Id. at 101. In In Re: School Building Referendum, Shanksville Stoney Creek School District, 27 Somerset Legal Journal 10 (1971), the Court of Common Pleas of Somerset County held that there cannot be a non-binding referendum by ballot unless there is a specific constitutional or statutory authorization for it. Moreover, in the matter of Allentown School District Referendum, 13 D. & C.3d 741 (1980), where the Lehigh County Election Board attempted to place a non-binding question on the ballot in the 1980 primary election, the trial court in enjoining the election board action held that questions may not be placed before the electorate without limitations, particularly in those instances where the legislature has clearly delegated to school board members the operation of school districts. The court further observed that it was powerless to sanction ballot status for non-binding referenda questions and that "[i]t is not the intention of the court, nor would it be in the public interest, to open a floodgate of advisory questions on every issue of public moment." Id. at 744.

Finally, in Williams v. Rowe, 3 Pa.Commonwealth Ct. 537, 544-45, 283 A.2d 881, 885 (1971), this Court held that:

One of the prices paid for the creation of a representative democracy is the vesting by the electorate of trust and responsibility in its elected representatives. Discretion is placed within the hands of the municipal legislators and we must accept the lawful exercise of this discretion. *91 The efficiency of government, its stability, and the protection of the public at large necessitates the creation of certain categories wherein the legislative prerogative is unfettered by the initiative and referendum processes. The electorate nevertheless is not helpless in defending itself against unlawful legislation in the statutorily excluded areas, for it is before our courts that one may come and assert the illegality of a particular piece of legislation. Furthermore, it is at the ballot box that a voter may express his disapproval of the legislative programs of his elected officials.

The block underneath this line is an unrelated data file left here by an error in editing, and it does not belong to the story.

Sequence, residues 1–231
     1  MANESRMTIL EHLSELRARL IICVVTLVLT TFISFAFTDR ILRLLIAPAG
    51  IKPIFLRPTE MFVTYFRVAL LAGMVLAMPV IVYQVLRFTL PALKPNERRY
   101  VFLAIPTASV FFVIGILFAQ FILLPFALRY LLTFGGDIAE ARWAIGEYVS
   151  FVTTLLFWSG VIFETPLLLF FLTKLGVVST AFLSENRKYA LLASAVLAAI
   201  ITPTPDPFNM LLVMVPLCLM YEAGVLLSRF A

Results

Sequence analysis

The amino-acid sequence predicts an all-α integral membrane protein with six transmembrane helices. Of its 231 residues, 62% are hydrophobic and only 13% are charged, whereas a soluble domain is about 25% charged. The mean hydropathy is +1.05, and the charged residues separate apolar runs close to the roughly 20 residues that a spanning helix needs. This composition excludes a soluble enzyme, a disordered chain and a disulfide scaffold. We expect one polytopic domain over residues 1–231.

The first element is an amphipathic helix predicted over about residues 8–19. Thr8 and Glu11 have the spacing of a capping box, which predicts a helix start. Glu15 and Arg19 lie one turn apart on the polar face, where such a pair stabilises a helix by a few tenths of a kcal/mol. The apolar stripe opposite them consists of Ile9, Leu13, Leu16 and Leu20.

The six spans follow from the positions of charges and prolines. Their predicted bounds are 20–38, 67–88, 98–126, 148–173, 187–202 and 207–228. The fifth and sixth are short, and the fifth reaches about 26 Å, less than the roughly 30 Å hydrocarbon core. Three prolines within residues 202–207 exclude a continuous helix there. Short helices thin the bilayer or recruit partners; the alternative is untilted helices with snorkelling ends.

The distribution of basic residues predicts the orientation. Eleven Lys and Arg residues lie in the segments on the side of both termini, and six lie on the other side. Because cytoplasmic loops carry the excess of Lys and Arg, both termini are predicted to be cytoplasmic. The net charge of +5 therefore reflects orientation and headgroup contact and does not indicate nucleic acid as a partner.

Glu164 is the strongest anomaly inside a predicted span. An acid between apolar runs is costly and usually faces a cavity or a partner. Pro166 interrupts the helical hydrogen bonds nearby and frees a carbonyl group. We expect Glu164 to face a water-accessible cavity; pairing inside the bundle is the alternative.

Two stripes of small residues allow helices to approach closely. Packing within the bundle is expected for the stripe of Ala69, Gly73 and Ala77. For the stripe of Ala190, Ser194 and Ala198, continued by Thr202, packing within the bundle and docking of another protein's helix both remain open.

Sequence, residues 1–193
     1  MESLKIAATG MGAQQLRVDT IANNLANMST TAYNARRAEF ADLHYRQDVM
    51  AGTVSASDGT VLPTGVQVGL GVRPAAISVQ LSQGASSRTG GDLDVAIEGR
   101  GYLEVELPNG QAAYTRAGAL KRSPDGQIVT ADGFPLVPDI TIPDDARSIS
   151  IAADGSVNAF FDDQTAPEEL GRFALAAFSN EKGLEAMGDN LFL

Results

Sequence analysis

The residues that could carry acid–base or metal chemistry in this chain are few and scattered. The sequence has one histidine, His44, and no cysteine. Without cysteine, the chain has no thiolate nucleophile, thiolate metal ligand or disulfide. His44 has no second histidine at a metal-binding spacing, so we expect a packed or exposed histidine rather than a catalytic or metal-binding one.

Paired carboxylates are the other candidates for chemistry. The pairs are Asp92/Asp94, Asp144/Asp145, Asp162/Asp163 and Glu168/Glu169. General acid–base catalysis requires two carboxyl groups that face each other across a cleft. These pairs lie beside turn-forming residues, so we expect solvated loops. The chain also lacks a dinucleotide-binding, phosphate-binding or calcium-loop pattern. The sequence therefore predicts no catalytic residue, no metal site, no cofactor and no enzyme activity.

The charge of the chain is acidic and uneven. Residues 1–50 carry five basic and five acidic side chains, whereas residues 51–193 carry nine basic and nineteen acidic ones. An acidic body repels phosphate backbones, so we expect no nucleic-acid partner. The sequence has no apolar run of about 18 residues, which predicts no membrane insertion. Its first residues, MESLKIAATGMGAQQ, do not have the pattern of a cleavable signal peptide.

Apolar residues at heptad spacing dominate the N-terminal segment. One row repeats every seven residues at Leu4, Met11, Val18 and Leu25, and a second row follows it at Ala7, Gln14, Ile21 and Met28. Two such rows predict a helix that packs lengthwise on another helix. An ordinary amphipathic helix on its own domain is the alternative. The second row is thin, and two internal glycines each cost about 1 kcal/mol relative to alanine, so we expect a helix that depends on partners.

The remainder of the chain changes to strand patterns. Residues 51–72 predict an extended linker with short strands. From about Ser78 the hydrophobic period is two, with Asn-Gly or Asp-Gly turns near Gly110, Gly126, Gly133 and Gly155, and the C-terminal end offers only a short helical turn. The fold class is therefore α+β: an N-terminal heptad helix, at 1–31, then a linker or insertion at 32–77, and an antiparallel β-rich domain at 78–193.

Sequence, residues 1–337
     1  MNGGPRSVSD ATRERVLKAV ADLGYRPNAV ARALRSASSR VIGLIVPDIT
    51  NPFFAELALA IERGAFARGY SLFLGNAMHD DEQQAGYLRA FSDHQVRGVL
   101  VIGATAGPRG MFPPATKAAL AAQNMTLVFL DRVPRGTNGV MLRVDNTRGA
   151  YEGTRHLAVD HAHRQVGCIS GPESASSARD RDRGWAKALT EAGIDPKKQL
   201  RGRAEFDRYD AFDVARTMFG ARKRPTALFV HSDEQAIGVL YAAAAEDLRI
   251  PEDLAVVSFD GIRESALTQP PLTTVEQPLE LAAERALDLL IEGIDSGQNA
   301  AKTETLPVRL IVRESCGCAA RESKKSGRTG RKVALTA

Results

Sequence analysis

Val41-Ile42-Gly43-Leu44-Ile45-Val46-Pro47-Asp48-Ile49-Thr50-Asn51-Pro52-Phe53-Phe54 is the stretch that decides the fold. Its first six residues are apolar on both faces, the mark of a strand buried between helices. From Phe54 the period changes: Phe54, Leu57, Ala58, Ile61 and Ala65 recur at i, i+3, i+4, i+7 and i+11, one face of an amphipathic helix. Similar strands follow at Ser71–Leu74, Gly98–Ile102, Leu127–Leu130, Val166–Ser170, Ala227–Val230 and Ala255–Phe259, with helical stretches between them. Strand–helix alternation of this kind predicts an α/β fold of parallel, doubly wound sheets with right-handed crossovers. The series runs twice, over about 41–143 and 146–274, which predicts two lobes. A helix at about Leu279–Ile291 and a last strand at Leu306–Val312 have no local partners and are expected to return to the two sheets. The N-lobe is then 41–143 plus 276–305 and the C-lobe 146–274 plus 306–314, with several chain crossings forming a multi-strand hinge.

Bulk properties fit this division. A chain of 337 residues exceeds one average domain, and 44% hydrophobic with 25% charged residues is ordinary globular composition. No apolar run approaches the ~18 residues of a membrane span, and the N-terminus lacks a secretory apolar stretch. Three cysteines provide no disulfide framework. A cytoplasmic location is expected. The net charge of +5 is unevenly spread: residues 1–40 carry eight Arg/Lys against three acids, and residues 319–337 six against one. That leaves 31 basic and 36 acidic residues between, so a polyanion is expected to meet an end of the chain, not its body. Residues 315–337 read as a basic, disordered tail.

This logic has been used by a number of trial courts in situations similar to the one addressed by this Court today. See Allentown School District Referendum; Roth v. Saeger, 36 Lehigh Law Journal 515 (1976). Thus, although the trial court here found that the non-binding referendum represents a First Amendment right, this Court must recognize that the electorate does not have an unfettered right to question school board actions or intended actions.